Thomas Capano and the Murder of Anne Marie Fahey
Thomas J. Capano had it all: He was a prominent, prosperous, and politically connected Delaware lawyer with a successful home construction business.
He was a former state prosecutor, public defender, and city solicitor. He had also served as legal counsel to former Delaware Governor Michael N. Castle and as an aide to Governor Thomas Carper. He was married with four daughters.
This county courthouse (then known as the New Castle County Courthouse) was where Thomas Capano's murder trial was held in 1998.
Everything began to change in the early 1990s, when Tom Capano’s marriage started to fall apart and he met Anne Marie Fahey. Fahey was an unmarried aide to Congressman Carper in his Washington office who became his scheduling secretary when Carper was elected governor of Delaware in 1993. That year, Capano and Fahey began a three-year romantic relationship that was known only to a small group of friends and staffers at the governor’s office. During this time period, Capano was also having affairs with numerous other women.
Eventually, Fahey found Capano controlling, overbearing, and extremely jealous. She sought to end the relationship, but Capano threatened to expose the affair. When Fahey began dating another man, she did not tell Capano. Capano and Fahey were last seen together dining out on the evening of June 27, 1996. On June 29, after hearing nothing from her for two days and becoming suspicious after visiting her apartment, Fahey’s family reported her missing. Authorities found Fahey’s diary that talked about her relationship with Capano.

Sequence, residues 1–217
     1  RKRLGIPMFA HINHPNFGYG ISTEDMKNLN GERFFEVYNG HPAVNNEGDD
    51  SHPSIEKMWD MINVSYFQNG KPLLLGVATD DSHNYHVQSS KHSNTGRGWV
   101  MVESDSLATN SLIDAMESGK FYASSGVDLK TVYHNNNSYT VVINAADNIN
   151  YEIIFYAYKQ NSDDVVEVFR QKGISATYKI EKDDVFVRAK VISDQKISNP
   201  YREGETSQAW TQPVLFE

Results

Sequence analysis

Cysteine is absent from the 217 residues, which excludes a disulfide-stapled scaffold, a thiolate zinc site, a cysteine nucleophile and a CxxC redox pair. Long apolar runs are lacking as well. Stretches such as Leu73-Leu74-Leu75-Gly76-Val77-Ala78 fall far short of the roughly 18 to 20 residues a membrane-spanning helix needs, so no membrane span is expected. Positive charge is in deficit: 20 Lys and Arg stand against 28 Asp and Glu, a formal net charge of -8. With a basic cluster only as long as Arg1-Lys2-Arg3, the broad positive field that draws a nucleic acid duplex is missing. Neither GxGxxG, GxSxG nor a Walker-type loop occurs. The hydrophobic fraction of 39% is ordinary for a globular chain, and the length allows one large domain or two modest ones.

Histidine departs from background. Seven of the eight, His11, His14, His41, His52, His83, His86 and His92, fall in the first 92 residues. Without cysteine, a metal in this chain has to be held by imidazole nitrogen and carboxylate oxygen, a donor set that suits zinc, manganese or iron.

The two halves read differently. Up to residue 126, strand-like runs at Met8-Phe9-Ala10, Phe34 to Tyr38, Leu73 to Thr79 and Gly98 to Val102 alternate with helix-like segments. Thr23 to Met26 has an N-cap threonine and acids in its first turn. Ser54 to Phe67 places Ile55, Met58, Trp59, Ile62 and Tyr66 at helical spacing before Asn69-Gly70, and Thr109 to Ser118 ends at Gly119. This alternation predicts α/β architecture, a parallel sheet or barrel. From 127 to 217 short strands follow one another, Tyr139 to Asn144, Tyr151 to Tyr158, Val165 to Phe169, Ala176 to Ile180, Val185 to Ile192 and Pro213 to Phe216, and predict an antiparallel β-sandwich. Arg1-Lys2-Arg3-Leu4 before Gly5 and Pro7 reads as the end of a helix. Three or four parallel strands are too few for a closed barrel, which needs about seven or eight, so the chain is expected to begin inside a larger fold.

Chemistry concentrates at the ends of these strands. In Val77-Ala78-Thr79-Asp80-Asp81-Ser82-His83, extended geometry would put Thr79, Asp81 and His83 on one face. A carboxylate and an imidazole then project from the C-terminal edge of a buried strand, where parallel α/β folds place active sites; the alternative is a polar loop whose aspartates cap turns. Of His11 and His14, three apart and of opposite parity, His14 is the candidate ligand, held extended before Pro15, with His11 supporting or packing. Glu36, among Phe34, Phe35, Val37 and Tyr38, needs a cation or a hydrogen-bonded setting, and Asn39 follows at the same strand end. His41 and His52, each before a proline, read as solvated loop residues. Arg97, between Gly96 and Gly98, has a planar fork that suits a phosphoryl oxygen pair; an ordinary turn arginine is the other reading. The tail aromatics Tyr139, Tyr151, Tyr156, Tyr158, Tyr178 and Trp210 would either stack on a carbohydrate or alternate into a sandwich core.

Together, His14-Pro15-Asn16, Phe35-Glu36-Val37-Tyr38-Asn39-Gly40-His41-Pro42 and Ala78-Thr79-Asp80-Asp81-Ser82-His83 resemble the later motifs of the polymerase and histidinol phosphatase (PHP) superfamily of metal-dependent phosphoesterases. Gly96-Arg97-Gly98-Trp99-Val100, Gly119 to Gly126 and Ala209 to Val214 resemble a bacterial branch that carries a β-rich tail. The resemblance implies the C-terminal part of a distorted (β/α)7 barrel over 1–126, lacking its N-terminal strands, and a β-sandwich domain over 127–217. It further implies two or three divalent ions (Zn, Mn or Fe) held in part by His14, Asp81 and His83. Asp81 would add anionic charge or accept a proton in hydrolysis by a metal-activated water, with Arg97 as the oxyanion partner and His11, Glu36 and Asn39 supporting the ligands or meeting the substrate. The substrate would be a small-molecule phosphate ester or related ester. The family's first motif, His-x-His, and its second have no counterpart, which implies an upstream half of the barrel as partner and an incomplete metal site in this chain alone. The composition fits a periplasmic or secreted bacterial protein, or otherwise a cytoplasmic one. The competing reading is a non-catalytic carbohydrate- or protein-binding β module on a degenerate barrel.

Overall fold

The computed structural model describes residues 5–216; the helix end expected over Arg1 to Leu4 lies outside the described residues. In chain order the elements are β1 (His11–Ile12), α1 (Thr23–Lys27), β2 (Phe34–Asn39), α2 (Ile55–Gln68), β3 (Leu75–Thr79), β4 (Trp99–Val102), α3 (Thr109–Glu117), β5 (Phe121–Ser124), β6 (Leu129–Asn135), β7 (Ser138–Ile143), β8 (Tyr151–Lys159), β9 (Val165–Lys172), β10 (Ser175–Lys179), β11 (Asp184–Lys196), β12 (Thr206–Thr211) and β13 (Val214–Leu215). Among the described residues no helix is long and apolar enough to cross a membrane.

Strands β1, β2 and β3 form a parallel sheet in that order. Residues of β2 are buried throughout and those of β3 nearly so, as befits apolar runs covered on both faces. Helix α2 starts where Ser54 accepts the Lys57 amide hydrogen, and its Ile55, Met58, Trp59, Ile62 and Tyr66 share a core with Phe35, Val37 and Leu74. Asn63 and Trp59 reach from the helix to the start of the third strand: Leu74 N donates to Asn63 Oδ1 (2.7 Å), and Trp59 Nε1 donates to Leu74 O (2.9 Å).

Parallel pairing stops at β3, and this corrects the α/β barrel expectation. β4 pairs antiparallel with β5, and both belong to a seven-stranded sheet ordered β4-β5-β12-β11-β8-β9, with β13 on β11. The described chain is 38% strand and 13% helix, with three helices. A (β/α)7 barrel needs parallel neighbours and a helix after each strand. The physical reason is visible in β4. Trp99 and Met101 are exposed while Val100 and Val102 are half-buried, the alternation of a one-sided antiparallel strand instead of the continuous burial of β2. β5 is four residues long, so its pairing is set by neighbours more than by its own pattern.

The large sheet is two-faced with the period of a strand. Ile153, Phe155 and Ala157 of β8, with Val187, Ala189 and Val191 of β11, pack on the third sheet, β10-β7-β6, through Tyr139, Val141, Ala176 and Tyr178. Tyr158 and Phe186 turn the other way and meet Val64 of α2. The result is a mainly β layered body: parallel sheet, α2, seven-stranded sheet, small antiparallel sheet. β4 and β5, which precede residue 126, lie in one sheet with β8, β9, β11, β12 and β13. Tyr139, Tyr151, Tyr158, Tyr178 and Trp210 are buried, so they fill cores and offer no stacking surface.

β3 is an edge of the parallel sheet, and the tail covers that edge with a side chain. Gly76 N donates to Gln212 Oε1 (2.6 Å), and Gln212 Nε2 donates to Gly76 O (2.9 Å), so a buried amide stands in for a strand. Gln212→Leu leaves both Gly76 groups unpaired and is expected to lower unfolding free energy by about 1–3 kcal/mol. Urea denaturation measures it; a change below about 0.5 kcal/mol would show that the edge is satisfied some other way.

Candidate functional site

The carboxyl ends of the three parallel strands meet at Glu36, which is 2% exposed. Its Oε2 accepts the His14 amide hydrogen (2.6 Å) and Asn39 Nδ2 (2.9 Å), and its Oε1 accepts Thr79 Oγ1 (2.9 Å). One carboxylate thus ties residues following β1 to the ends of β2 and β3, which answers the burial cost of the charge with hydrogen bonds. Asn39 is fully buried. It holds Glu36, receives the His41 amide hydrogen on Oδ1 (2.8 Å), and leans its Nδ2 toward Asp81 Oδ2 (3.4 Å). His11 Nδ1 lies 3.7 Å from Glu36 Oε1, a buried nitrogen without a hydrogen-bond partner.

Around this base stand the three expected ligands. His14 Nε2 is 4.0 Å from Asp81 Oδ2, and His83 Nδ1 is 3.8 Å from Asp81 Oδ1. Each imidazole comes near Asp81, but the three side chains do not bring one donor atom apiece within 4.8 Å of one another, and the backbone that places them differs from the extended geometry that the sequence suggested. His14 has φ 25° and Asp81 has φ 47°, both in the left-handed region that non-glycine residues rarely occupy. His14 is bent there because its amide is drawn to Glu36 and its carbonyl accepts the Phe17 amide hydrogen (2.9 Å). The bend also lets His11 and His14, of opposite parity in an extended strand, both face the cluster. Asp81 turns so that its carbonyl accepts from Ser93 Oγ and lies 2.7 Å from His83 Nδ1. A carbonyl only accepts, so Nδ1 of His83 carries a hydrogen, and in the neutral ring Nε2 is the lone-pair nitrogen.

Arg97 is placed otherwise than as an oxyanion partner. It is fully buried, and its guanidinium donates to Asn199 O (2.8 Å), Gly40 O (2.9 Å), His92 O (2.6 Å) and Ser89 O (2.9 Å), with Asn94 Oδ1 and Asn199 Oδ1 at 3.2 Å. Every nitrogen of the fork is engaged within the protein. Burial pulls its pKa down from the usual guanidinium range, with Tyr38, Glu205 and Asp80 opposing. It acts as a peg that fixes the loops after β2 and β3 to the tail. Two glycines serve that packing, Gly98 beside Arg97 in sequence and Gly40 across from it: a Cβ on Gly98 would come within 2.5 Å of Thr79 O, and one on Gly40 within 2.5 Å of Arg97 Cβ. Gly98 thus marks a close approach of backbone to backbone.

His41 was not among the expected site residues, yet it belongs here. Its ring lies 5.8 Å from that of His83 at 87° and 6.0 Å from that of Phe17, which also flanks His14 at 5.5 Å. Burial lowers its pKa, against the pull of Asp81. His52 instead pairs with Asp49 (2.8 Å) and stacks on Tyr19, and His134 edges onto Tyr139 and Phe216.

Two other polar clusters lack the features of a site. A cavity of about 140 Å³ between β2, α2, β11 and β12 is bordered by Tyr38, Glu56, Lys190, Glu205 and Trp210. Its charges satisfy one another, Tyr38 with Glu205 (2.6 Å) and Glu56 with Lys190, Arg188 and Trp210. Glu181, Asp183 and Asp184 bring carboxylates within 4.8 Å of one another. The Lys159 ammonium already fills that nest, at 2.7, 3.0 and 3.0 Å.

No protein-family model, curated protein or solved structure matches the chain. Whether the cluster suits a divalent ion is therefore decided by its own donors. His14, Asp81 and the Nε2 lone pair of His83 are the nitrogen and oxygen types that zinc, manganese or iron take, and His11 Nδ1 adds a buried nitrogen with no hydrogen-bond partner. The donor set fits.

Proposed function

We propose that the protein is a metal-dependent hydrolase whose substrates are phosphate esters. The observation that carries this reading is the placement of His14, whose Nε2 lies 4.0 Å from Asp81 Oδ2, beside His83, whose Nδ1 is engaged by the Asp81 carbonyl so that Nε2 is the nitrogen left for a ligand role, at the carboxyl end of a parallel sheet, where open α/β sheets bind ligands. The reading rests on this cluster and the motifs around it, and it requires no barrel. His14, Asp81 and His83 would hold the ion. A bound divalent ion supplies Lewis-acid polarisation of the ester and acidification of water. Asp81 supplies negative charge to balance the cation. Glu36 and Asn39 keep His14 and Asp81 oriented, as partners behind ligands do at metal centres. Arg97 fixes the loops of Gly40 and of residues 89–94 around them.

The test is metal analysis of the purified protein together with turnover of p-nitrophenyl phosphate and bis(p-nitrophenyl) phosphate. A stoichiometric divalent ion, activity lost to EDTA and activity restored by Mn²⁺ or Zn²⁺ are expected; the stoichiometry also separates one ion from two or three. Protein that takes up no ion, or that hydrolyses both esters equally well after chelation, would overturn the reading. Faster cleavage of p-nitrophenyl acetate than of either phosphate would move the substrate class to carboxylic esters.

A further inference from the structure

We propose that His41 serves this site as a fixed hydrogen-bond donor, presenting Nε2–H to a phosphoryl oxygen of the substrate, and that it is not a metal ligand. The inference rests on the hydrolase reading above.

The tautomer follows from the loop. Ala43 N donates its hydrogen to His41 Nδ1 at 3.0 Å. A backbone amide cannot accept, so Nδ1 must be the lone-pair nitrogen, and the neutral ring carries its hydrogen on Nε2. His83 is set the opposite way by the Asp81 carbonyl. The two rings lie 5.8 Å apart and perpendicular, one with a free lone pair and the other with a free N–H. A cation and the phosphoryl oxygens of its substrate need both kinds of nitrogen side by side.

A few days later, an agent with the Wilmington Resident Agency of the FBI’s Baltimore office heard about the case and offered his assistance to local authorities. As the case progressed, local, state, and federal authorities ultimately agreed to have the FBI take the lead on the investigation given its resources and capabilities. The FBI put together an investigative team that included the Wilmington Police Department, the IRS, and the ATF.
A Likely Suspect
Because of Fahey’s relationship with Capano, investigators quickly zeroed in on Capano as a suspect. He had told police earlier that he had invited Anne Marie to dinner in Philadelphia. He said the evening went well; they exchanged pleasantries; and he saw her home. According to Capano, they parted on good terms.
The investigative team used a number of creative investigative techniques to determine what actually happened that night, including toll-record analysis, seizure of e-mails from Capano’s law firm and Fahey’s office, surveillance, analysis of gun purchase records, four search warrants including a four-day search of two landfills, psychological profiling, and analysis of financial records.
A search of Fahey’s apartment uncovered letters written to Fahey from Capano. Fahey’s diary spoke of their tumultuous, romantic past, showing that months before her disappearance, Fahey had tried to break off the relationship. In one entry, she called Capano a “controlling, manipulative, insecure, jealous maniac.” In interviews, Fahey’s friends and others mentioned how obsessed and jealous Capano was of her and how she wanted out of the relationship.